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Unemployment Extension Is Workable, Labor Department Says

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WASHINGTON -- U.S. Labor Secretary Thomas Perez said Friday he disagrees with House Speaker John Boehner (R-Ohio) that Senate legislation reauthorizing unemployment insurance would be too difficult for states to implement.

Boehner's claim had been prompted by a letter from the National Association of State Workforce Agencies, an advocacy group for state labor departments, saying agencies would have a hard time restoring benefits to the 2 million who've missed out since December. Not true, said Perez.

"I am confident that there are workable solutions for all of the concerns raised by NASWA," Perez wrote in a Friday letter to Senate leaders. "The Department of Labor has consistently worked with states to implement these extensions in an effective, collaborative and prompt fashion, and will do so again."

The Senate bill, which could see a vote next week, would require states not only to send retroactive benefits to people who've missed checks under the federal Emergency Unemployment Compensation, but also to implement several reforms, including a ban on millionaire claimants. The millionaire provision "would be very hard to administer," NASWA said in its letter.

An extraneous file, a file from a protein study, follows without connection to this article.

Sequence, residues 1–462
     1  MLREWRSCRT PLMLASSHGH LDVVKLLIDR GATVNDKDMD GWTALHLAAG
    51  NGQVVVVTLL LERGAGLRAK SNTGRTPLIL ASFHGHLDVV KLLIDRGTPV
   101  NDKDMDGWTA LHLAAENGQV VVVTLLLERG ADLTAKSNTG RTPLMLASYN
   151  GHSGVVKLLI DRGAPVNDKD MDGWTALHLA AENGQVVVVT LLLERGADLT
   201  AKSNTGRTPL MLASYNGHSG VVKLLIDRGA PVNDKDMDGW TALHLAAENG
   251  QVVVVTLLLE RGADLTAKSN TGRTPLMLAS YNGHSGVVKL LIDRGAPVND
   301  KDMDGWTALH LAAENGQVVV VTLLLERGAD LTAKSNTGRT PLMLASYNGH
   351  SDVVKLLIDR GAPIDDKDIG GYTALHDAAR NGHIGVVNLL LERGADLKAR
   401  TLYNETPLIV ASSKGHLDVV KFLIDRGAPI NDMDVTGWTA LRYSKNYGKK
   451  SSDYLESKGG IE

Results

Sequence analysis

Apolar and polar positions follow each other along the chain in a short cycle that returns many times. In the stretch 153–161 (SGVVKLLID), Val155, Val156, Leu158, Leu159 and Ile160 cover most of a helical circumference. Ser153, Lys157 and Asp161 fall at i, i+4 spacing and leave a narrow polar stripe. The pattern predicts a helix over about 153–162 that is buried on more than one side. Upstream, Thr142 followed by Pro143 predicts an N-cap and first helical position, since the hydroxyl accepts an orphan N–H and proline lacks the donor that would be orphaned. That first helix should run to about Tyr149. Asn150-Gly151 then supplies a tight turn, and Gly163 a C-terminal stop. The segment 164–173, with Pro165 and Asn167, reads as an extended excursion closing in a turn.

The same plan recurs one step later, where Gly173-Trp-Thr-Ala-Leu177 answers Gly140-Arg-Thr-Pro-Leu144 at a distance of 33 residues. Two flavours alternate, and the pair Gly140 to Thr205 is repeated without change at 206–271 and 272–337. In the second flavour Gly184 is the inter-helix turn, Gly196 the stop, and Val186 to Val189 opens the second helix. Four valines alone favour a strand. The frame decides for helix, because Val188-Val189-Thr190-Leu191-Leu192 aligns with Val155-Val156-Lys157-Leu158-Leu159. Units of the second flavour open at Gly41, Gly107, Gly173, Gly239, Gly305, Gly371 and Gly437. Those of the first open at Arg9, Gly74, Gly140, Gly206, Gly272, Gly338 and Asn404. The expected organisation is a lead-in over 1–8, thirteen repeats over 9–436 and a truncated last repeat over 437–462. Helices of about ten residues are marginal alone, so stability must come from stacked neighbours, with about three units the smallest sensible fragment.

"[A]ccording to these state directors, the bill is also simply unworkable," Boehner said in a statement. "Frankly, a better use of the Senate’s time would be taking up and passing the dozens of House-passed jobs bills still awaiting action."

Perez said he knows better, because he served in the Maryland Department of Labor, Licensing and Regulation from 2007 to 2009.

"I am acutely aware of challenges that states can face in implementing temporary programs like EUC," Perez wrote. "I also know from my time at the state level, and now as Secretary of Labor, that there is a strong commitment from the U.S. Department of Labor to work collaboratively with states to enable effective implementation of any newly enacted UI provisions."

A GOP aide wondered why it took two days for the Labor Department to respond to the NASWA letter, which went out on Wednesday. "Is their rapid response team using carrier pigeons? Did a magnetic cassette get jammed in their Commodore 64? Look, the state insurance administrators raised serious issues, and a Friday night news dump isn't going to change that."

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